Had not we "by desire separated ourselves" from the crowd, that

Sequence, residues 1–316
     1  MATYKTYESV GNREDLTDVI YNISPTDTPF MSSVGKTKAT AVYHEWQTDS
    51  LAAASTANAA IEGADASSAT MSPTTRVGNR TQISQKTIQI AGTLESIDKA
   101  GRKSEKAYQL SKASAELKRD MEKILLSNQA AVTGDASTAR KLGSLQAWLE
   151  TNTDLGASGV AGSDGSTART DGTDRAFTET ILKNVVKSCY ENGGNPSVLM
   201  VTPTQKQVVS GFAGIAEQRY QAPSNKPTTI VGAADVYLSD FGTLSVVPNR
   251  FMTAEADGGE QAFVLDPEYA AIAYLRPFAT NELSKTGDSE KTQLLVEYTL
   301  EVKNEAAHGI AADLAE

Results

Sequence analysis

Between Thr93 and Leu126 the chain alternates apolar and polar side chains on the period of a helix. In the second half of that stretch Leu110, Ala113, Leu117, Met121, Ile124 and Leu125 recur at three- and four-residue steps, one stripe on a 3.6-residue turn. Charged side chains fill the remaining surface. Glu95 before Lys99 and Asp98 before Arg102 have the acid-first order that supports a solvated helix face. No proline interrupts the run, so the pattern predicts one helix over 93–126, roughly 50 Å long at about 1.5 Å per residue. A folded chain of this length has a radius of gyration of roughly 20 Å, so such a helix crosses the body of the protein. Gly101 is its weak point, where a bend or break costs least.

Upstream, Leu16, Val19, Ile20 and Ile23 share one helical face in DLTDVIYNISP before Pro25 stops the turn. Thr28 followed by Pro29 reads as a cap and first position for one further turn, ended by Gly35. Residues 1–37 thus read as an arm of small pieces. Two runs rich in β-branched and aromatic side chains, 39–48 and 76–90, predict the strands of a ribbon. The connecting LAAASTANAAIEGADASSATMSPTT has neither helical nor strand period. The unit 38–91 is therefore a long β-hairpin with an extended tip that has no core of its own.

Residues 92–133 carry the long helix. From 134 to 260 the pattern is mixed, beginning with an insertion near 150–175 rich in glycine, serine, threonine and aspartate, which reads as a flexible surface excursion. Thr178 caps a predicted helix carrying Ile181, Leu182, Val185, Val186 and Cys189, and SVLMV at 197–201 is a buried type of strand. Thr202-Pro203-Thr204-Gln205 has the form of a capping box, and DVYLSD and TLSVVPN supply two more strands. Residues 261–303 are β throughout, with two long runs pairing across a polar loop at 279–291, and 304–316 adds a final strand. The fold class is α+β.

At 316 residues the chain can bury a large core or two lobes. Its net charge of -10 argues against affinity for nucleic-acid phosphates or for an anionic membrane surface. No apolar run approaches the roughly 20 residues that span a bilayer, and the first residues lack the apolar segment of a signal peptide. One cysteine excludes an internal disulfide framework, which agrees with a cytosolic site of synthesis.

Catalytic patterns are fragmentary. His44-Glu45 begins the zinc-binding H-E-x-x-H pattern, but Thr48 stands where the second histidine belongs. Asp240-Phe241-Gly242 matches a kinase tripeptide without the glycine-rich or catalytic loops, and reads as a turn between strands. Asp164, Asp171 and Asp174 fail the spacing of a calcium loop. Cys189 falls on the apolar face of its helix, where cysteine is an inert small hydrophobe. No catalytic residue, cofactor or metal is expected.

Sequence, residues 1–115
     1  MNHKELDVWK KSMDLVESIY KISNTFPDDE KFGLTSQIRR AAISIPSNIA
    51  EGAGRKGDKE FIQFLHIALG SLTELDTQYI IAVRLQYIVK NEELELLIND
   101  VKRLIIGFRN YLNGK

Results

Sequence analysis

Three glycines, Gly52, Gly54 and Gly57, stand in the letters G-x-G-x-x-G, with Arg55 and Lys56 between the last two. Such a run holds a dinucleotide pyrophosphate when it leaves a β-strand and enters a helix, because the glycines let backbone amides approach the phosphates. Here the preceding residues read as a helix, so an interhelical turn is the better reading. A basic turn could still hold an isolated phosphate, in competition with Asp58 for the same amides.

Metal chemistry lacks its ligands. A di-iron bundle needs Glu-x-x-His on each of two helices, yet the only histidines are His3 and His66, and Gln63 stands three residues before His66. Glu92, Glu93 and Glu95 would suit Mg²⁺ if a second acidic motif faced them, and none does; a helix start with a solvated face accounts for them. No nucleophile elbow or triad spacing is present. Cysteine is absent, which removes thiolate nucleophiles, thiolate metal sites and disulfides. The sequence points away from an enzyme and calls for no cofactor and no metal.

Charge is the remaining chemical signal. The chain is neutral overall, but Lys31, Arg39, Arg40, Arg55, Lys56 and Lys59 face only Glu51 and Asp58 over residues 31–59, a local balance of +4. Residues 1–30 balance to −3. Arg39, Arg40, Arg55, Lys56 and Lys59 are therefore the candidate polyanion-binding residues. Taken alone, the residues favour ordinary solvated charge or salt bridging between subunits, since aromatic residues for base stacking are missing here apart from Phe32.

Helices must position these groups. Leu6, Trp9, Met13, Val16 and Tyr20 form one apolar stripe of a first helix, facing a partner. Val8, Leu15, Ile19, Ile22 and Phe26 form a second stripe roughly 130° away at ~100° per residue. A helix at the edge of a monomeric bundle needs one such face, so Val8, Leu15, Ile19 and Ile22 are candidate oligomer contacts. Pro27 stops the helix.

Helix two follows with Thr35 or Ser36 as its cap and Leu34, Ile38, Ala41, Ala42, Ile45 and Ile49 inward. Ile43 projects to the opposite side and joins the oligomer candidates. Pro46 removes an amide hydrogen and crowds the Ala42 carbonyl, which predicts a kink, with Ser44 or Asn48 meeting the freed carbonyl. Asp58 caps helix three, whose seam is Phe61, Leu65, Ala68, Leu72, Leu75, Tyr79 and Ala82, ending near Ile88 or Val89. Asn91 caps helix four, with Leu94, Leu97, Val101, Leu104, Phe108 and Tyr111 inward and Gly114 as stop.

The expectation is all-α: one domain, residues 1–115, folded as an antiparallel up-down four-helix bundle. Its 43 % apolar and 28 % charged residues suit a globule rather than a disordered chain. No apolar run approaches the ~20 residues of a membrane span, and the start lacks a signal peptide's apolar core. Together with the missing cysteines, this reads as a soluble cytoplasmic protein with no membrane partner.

we might the better " seek after and intermeddle with all manner of knowledge," we should have felt our bile stirred up from the very bottom, not by such pity, which is generally sincere and well-meant, but by its most unhappily perverted direction. Whatever be said of the increase of crime and the somnolence of watchmen, a very small portion of prudence will enable a quiet man to get through the world unmolested. We solemnly declare, we have never been murdered—either by shooting, as is the practice in Ireland—by Burkina:, according to the custom of Scotland—or by throat-cutting, after the fashion of our own dear countrymen. We never have even had our skull beaten to pieces or our back broken as a pre- liminary to the examination of our small-clothes pockets. We have climbed to five-and-forty without a single adventure in the robbing way, that would have elevated the supercilium of Sir RICHARD BIRNIE the hundredth port of an inch. And we have no doubt, that in this great town there are tens of thousands, who, by the simple expedient of turning aside from occasions of mischief, have contrived to arrive at time same point with as little damage and diffi- culty as ourselves. But though a close-buttoned coat and a care- fully-fastened door may, under Providence and gas lamps, protect its from time "thief in the night;' no precaution can shelter us from that " pestilence by day"—the robber who advances against us in such honest and honourable seeming as charms down the sus- picions even of the wary. And of all the robbers that by fraud or by violence devour the substance of the simple, there is none so much t to he feared, and so difficult to be guarded against, as the swindling banker. The putrer and the duller may cheat us, it is true—still "the gross of green spectacles with shagrecn cases" are worth something., though the rims be of copper instead of silver; lad the i 0 U of him that has no wherewithal to discharge his debts, is more worthless than the basest of metals. The swindling banker, therefore, is of all others the person to whom our suffer- ance is least due; and the ease is the more deserving of puma- meat, if what has been our ruin has been his sport—if the property of winch we have been plundered. has been squandered for the silliest ti,r the basest of purposes—to purchase the flattery of low and worthless companions, or to gratify the least dignified and respectable desires of a reasonable being.